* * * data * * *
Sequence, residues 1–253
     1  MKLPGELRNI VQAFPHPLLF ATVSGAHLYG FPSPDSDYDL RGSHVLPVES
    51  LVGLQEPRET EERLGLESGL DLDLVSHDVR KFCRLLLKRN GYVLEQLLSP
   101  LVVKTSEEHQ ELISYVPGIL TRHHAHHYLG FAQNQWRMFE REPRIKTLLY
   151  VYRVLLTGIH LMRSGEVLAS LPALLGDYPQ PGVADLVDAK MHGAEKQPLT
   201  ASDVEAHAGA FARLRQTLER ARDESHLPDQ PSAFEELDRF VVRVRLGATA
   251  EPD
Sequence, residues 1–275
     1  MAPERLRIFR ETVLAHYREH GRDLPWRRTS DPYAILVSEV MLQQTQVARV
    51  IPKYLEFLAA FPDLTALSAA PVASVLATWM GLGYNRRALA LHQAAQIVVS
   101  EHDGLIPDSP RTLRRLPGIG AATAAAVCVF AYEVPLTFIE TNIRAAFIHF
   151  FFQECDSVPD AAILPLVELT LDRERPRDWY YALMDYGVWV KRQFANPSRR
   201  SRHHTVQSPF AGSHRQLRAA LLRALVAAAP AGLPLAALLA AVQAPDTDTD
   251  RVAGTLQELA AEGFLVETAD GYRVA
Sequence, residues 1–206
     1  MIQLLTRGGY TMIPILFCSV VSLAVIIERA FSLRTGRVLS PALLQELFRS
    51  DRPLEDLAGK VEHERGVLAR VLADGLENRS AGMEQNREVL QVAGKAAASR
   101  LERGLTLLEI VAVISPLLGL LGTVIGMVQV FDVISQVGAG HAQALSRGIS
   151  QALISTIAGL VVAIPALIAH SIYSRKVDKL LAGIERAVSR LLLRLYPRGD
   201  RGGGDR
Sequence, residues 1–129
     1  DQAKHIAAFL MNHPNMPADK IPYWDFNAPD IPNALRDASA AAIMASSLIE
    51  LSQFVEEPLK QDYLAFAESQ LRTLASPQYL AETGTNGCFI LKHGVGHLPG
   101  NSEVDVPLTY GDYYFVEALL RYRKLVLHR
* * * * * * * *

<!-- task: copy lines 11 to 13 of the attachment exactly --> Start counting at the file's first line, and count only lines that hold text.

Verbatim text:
   101  EHDGLIPDSP RTLRRLPGIG AATAAAVCVF AYEVPLTFIE TNIRAAFIHF
   151  FFQECDSVPD AAILPLVELT LDRERPRDWY YALMDYGVWV KRQFANPSRR
   201  SRHHTVQSPF AGSHRQLRAA LLRALVAAAP AGLPLAALLA AVQAPDTDTD